Building for the future - how regular giving helps us plan

Thinking through what biblical principles of planning might mean for our giving

Biblical advice for building a house?

If you asked around at church for advice on how to undertake a building project, I suspect that you'd get a mix of bits and pieces about planning permission, patience and the importance of 'measure twice, cut once'.

If you asked for biblical advice, I wonder what the answer would be?

Consider this...

Benchsaw and earmuffs

Nehemiah 2:4–8

The king said to me, 'What is it you want?'

Then I prayed to the God of heaven, and I answered the king, 'If it pleases the king and if your servant has found favour in his sight, let him send me to the city in Judah where my ancestors are buried so that I can rebuild it.'

Then the king, with the queen sitting beside him, asked me, 'How long will your journey take, and when will you get back?' It pleased the king to send me; so I set a time.

I also said to him, 'If it pleases the king, may I have letters to the governors of Trans-Euphrates, so that they will provide me safe-conduct until I arrive in Judah? And may I have a letter to Asaph, keeper of the royal park, so he will give me timber to make beams for the gates of the citadel by the temple and for the city wall and for the residence I will occupy?' And because the gracious hand of my God was on me, the king granted my requests.

(NIV)

Nehemiah had a plan

Nehemiah heard in chapter 1 that Jerusalem was in ruins. He was burdened to rebuild it, and in chapter 2 was asked an amazing question by the king: 'What is it you want?'

Nehemiah had an answer to that question. He had a plan. He knew how long it would take. He asked for materials to be provided and even a place to stay.

And the gracious hand of his God was upon him.

The biblical wisdom of planning

Nehemiah had a plan before a single stone was placed or timber cut.

There's wisdom here for all of us - whether we're undertaking a physical building project or whether we're 'building' something else (a church, business, career or our character), a plan helps a great deal.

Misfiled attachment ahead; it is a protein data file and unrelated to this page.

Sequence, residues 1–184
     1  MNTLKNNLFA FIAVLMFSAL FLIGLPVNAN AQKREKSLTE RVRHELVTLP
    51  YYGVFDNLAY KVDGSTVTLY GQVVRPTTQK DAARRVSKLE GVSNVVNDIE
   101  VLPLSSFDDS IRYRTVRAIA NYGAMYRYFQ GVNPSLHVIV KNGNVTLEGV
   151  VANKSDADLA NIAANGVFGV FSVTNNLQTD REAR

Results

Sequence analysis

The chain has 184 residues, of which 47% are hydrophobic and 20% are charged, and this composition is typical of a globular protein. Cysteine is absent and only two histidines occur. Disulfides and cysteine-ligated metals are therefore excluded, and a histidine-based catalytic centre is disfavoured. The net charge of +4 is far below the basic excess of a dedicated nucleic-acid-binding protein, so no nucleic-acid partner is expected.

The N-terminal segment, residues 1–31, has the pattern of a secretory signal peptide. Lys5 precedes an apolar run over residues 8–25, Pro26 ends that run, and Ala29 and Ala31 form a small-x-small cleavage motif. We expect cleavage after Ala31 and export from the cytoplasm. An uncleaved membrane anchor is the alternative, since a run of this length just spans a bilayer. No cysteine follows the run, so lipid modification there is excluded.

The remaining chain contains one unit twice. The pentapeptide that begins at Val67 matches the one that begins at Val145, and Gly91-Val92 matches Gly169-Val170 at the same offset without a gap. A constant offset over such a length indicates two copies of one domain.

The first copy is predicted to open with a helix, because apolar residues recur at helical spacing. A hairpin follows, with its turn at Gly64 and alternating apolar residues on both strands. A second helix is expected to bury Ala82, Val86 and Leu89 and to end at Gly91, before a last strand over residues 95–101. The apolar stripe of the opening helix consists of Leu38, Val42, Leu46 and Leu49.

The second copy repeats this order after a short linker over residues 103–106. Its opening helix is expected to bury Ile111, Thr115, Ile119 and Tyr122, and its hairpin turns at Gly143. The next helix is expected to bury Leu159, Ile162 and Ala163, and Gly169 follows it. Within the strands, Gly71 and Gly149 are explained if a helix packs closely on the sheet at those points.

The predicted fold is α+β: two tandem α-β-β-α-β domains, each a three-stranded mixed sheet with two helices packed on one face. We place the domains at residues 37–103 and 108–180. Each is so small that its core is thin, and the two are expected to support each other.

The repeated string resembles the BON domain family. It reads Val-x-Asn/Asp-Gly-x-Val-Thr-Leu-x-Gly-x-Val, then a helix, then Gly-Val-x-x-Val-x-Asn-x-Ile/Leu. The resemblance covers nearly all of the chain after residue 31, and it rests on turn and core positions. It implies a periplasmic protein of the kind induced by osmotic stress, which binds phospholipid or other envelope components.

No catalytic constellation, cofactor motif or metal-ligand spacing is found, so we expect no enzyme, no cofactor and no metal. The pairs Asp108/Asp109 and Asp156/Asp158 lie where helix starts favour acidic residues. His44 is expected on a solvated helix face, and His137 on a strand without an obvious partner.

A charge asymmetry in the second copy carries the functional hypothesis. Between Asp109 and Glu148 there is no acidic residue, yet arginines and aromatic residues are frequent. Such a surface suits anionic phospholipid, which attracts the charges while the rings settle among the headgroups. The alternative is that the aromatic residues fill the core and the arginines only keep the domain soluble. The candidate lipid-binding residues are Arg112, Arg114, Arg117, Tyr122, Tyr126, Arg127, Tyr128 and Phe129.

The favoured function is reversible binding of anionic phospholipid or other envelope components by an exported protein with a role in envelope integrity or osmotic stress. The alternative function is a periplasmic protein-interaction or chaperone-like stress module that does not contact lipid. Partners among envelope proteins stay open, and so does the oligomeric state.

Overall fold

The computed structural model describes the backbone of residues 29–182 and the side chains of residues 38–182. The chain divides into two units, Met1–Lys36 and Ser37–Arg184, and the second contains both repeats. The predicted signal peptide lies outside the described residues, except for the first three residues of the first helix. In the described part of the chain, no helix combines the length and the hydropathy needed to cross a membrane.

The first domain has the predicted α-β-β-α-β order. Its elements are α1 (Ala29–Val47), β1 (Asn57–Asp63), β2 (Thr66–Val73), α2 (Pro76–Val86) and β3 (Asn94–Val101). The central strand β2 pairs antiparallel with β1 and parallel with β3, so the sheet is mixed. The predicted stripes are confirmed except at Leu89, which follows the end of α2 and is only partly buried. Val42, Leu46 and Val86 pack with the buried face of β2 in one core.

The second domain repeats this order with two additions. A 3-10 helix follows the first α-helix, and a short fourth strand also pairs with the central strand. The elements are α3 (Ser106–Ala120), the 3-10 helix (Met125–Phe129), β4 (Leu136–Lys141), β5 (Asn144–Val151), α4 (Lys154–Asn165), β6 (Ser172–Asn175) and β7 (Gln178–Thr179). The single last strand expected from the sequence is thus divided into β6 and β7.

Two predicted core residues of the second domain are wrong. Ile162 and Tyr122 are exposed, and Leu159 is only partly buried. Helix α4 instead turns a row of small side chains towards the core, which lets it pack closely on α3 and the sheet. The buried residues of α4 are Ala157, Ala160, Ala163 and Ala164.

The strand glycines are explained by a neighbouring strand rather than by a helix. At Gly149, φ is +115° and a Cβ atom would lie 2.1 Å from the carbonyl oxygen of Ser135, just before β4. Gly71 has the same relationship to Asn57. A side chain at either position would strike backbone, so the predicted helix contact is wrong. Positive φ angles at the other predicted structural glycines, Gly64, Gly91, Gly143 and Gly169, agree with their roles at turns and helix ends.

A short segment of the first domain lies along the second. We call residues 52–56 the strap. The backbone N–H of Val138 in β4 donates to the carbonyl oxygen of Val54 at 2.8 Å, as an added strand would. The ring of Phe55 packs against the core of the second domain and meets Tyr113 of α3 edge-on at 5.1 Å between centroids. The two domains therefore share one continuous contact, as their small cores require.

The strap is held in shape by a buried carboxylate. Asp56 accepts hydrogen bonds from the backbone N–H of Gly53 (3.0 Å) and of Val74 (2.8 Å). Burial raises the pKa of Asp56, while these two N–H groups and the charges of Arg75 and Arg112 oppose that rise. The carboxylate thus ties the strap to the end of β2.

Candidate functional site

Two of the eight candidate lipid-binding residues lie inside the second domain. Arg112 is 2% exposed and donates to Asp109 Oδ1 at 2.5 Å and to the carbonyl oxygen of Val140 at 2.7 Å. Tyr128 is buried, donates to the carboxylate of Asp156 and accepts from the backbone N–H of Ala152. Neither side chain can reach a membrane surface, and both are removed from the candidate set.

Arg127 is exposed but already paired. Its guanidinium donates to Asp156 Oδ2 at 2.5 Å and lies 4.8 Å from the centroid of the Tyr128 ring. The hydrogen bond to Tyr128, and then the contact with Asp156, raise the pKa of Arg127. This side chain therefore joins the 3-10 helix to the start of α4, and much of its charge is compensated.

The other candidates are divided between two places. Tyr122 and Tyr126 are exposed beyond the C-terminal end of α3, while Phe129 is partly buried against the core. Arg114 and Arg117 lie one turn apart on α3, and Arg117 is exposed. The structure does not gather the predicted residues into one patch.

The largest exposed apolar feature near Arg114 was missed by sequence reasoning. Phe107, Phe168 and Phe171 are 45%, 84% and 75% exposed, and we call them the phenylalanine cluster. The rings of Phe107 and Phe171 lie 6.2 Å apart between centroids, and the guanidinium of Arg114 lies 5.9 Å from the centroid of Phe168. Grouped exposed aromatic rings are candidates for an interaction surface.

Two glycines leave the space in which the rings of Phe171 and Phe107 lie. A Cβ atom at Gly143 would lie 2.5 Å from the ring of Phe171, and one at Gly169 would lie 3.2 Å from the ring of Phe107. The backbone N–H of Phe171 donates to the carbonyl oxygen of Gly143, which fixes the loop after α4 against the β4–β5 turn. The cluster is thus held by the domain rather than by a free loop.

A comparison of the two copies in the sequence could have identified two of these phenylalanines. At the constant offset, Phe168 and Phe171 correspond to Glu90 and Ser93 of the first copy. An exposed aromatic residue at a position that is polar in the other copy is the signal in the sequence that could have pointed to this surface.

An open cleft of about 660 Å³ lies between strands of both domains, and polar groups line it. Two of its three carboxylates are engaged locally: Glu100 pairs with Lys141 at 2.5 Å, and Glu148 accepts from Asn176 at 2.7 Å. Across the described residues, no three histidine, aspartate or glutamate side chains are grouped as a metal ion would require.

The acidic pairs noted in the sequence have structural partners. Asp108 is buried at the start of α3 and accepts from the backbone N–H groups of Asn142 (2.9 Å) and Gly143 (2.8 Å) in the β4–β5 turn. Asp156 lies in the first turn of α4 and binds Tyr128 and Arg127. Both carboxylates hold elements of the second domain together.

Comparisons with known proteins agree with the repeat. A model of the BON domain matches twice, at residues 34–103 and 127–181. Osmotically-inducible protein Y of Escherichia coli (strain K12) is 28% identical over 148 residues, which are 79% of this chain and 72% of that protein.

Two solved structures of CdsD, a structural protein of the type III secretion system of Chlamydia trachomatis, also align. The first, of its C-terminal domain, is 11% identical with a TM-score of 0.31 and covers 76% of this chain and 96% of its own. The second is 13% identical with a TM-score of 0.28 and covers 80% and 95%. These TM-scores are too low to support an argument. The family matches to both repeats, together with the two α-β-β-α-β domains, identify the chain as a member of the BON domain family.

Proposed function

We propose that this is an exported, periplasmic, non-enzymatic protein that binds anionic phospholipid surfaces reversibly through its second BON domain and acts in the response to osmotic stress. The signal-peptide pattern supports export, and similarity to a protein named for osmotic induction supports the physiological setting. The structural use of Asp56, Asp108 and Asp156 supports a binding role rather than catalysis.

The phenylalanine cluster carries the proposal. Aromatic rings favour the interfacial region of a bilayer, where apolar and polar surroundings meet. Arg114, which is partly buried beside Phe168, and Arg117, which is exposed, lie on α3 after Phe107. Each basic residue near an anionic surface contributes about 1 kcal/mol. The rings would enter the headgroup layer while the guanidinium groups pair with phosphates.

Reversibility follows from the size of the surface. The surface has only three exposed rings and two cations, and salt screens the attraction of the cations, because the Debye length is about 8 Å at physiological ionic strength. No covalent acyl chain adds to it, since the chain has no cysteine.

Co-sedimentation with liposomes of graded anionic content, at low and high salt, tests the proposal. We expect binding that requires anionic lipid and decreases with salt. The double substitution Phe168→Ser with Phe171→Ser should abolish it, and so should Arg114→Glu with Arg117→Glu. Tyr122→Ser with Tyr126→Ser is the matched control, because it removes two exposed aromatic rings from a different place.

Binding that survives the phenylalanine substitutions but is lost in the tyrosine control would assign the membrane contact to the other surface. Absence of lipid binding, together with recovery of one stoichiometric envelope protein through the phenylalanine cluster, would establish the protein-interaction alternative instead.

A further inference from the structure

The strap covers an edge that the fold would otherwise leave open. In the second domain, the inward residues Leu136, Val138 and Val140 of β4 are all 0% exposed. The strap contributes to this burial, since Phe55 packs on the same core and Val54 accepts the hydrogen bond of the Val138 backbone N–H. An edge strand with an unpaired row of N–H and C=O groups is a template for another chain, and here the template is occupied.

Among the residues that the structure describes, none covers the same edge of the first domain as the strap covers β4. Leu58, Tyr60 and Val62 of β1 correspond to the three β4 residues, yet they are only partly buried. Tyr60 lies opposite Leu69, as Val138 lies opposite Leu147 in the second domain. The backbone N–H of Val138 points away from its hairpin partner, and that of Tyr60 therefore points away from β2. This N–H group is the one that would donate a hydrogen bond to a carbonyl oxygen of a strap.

A plan also helps us to set and get to our goal, whatever that may be. 

Jesus warns in Luke 14, while talking about the cost of being his disciple and planning to follow him all the way to the end:

'Suppose one of you wants to build a tower. Won’t you first sit down and estimate the cost to see if you have enough money to complete it? For if you lay the foundation and are not able to finish it, everyone who sees it will ridicule you, saying, 'This person began to build and wasn’t able to finish.'
Luke 14:28-30 (NIV)

Again, the principle of planning stands out. If your 'building' doesn't get finished, then it won't serve its purpose, and the resources expended in laying a foundation will be wasted.

Regular giving helps us to know what we can and cannot do

Cork board covered in post-it notes

We at BRF have a desire to enable all ages grow in faith.

Each year we develop our work, finding new ways to reach individuals, churches and schools across our programmes and ministries, from Anna Chaplaincy to Parenting for Faith.

Part of our work as a charity involves planning carefully for the future - deciding what we can afford to 'build' and what we can't. 

Giving regularly to our work enables us to know with some degree of confidence what donations we expect to receive during the year.

BRF is approaching its centenary in 2022 and we have many exciting plans as we go into our 100th year and beyond.

If more of our donors were able to give regularly, it would change how we were able to approach the projects and possibilities that were before us.

Taking it forward

Suggestions for prayer

  • Pray about whether you'd be able to support BRF regularly. Even a small regular donation would make a difference.
  • Pray that the 'gracious hand of our God would be upon us' as we plan for the future

To reflect on further

  • Are there any other Bible passages that speak to you about 'building' or 'planning' for the future - if you'd like to, send us your thoughts via giving [at] brf.org.uk 

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Every year, thousands of people are being impacted through BRF's work and ministry.

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